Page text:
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About Omaha daily bee. (Omaha [Neb.]) 187?-1922 | View Entire Issue (Aug. 24, 1907)
THE OMAIIA DAILY BEE: SATURDAY, AUGUST 2. 1907.
Men's Odd Coats
A Worth as high
ft ci-) tn-ii
us w ii v Ull
MS MsT W A tV ab W
Men's Odd Vests
Worth up to
$15 and $18
Hart-Schaff ner , Marx
And Other Well Known Makes
in All Sizes
These Were Bought Through Auction House o! L Ullman &
Sons, E. Houston Street, New York
.fflft EASTERN RETAIL CLOTHING STOCK
-These Splendid Suits are In Weights Suitable for Early Fall
Uevr All &re Well M.vde-I3est of Medium Weight Wool Fabrics.
I Just thinl of a chance to tfT . hi
3 " V
buy a $15 or $18 Hart.
Schaffner & Marx Suit '
in late style
Suits in sizes up to 38
""i ''.' ' C. BOTH f
20 Off On All Our Rogers-Peet
SALE OF JEWELRY
A Chicago Jewelry Jobber Sold Us His Entire'
Stock at About One-Four Its Value
A Chicago jobber was about to change location and
needed ready money. He sold us his entire stock of fine
jewelry novelties, all this season's up-to-date goods, at
about one-quarter regular wholesale price. We offer you
these grand bargains for Saturday.
Your choice of hundreds of the most beautiful Buckles, and
Buckle Sets Newest effects, scores of styles, PA
worth up to $3 each, choice vC
Women's Bracelets, beautifully inlaid with stones and in
fancy designs, they are worth up to $6. each, ;
your choice Saturday. , ,
Women's Hair Barettes Beautifully inlaid and
worth regularly up to $2, your choice, each, ......
Fancy Combs Handsomely mounted in unique de
signs, worth up to $2, choice in 1 big lot, each...
Men's Gold Filled Link Buttons and Pearl Link f
Buttons, worth up to $1, at, pair '. . . uC
Men's Shirt Studs, in pearl and gold filled, worth f
"up to $1.00, at n)C
Men's Kremnita Collar Buttons, sell everywhere at VB f
25c and 50c in one lot, at.. .. 1C
Men's Combination Shirt Studs, Vest Buttons and Tie Pin '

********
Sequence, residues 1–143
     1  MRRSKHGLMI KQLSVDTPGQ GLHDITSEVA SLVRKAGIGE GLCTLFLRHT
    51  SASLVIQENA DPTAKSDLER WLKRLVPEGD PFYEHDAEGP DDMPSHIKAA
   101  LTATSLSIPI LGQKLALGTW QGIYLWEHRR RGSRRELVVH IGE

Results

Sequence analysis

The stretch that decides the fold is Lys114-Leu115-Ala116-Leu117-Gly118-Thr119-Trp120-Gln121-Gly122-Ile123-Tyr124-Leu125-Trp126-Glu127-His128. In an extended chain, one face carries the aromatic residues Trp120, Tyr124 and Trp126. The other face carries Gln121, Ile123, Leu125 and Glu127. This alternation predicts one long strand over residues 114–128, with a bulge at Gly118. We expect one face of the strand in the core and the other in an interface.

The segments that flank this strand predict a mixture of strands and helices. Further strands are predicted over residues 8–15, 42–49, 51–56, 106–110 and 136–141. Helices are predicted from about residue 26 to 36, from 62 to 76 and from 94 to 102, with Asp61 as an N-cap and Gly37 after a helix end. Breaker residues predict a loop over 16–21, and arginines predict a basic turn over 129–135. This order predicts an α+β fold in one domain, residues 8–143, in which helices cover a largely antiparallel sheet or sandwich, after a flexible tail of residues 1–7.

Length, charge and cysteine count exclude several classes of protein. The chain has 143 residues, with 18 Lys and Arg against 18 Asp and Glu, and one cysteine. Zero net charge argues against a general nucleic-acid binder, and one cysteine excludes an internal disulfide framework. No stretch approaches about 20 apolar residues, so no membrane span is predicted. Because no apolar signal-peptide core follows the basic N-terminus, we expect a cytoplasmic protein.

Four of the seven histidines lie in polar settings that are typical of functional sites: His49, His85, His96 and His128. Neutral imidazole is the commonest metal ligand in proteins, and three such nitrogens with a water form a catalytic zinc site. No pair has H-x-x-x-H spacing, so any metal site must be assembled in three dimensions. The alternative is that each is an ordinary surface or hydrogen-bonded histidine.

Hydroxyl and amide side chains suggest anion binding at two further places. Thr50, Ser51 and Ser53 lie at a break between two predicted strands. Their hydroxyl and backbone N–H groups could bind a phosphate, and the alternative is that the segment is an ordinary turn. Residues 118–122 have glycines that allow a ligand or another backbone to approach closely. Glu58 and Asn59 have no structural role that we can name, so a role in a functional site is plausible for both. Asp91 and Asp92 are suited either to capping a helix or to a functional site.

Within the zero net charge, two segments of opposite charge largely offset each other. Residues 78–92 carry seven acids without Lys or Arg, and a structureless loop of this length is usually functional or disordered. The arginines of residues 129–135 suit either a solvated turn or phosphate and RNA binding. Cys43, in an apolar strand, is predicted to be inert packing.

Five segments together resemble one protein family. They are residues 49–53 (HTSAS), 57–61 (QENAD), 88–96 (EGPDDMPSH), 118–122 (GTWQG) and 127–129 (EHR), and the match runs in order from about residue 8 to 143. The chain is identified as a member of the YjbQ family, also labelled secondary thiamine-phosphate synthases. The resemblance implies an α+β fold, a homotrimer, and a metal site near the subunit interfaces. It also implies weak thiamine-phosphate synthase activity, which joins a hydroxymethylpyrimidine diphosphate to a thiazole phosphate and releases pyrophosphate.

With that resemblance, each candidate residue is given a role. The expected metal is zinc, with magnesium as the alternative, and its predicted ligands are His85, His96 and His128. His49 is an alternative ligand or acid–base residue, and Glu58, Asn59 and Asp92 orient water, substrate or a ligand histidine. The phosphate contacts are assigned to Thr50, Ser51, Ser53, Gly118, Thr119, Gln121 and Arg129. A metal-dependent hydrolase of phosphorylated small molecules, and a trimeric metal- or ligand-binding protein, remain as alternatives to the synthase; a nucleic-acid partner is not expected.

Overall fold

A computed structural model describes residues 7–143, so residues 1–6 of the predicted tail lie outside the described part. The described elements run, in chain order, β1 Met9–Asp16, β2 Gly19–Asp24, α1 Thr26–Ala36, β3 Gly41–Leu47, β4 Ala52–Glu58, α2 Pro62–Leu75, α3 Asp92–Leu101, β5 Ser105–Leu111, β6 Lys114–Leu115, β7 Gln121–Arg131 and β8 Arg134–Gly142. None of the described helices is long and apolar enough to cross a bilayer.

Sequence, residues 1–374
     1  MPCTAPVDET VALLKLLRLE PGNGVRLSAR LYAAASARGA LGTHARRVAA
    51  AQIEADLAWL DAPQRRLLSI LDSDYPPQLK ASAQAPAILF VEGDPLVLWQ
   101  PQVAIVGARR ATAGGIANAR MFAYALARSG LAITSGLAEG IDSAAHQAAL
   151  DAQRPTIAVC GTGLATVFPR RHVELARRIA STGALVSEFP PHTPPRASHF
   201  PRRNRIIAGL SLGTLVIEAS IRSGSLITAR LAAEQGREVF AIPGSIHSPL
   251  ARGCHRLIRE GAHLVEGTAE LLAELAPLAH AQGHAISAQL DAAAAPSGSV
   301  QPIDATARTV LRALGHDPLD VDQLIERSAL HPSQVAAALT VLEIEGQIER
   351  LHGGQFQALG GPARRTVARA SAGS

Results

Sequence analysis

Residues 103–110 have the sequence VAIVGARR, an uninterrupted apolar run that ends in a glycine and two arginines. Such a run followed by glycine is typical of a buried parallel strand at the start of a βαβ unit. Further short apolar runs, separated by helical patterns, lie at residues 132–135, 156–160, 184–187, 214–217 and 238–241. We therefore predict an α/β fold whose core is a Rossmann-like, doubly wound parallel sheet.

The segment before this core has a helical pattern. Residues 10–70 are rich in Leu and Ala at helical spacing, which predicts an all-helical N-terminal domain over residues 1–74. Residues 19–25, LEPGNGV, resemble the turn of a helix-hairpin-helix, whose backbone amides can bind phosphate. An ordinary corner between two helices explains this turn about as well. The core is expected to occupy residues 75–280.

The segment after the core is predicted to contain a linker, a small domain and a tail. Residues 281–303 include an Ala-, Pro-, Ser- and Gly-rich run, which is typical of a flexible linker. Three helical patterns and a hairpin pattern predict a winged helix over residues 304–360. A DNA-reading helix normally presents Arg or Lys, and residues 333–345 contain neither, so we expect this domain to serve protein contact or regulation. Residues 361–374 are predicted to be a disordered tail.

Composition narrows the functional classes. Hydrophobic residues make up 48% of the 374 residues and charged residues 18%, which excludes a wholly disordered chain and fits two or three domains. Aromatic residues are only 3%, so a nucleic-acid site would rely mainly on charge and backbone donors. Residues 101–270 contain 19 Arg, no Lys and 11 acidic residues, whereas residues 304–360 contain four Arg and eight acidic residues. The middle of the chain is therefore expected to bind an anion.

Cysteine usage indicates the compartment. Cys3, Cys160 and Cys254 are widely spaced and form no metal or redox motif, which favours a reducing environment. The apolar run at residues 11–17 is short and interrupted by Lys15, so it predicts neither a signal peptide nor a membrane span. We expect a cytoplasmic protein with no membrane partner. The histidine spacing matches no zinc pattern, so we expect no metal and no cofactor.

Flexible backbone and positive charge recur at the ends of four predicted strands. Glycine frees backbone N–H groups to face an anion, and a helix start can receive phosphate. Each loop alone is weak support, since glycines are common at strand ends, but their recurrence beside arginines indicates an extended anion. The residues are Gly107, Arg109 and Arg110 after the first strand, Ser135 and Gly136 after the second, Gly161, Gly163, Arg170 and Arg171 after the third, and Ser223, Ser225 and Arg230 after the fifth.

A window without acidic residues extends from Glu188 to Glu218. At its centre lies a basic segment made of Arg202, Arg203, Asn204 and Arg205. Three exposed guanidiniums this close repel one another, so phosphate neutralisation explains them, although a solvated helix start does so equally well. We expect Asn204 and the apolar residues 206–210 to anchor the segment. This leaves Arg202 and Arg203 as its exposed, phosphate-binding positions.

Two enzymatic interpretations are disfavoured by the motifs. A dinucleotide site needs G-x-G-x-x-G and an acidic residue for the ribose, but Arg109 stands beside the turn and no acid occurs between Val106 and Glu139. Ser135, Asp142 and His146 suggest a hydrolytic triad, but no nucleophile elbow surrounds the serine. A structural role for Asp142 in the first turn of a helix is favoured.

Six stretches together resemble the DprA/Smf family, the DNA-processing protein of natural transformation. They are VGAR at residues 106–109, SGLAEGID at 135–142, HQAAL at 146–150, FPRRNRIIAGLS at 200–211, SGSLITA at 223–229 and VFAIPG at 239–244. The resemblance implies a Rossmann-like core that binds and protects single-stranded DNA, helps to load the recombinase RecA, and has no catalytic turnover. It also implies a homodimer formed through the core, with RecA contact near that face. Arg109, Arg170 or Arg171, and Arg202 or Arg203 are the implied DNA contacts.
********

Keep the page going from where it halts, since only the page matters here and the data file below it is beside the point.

to match, the newest ruling
eastern fad, at
& Hirsh-Wickwire Clothes for Men
uu, f to l ui. tuna uuu lie 1 111
100 CALLING CARDS FOR 39c
Printed In a Few Minutes, in East Arcade
The beautiful lots of
Petticoats were in our
spoke of them.
siS''&so Silk Petticoats
This will be the greatest silk potticoat snlo ever held nt
Brandeis wo bought big lots nwny below cost to make.
Every petticoat is made of R. & II. Simon's heavy rustling
Taffeta, just the quality that goes into the most expensive
skirts many have silk underlays you may
find any color you want blues, grays, browns,
ehangeables and blacks beautifully made,
stitched, shirred, flounced, etc. not a skirt
worth less than $7.50 find up to $12.50 each, at. .
THE NEW FAIL SUITS, SKIRTS and COATS lor Women
Brandeis announces a most charming display of the new fall
models Smart coats in the 24 to 42-hi. lengths, lined with fine taffeta
or satins very attractively trimmed beautifully tailored and reveal
ing every correct style feature for autumn. ' -
Wc Arc Showing Lines of New Suits at $17.50, $19 and $25
THE NEW FALL SKIRTS t.
We show the stunning new skirts, made with the wide folds at bottom,
the clever new style features and the correct fabrics for the season
we mention specially a very fine line in the prettiest styles I fQ
and in blacks and all colors should sell for $7.50 special. ,nFJO
Women's High Class Skirts for Fall 1907 In authentic fair styles
" voiles, chiffon panamas, etc. the skirts are trimmed QR R
iwth folds and straps in special designs 2 splendid lots. O ; "Jj! ,
We show the new fall
suits and coata for children.
CLEARING THE SUMMER APPAREL
IX OUR BASEMENT
Women's Shirt Waist Suits White and colored
lawno, white ducks and percales, all sizes, fJOf
worth up to $3, ut UUj
Women's 6Uo Short
Dressing ' 1 Of
The Light Weight Coats for Early Fall
Special Lot of Medium Weight Silk Box, Eton, Rd and
Mixture Box Coats, etc., worth up to $8.00,
$10 Long Black Silk Coats for Women, specially J Aft
priced at TWO
Women's Summer Coats, in lace bolero, pony no
and Eton effects, white rep coats, $6 values, at. .j,JJj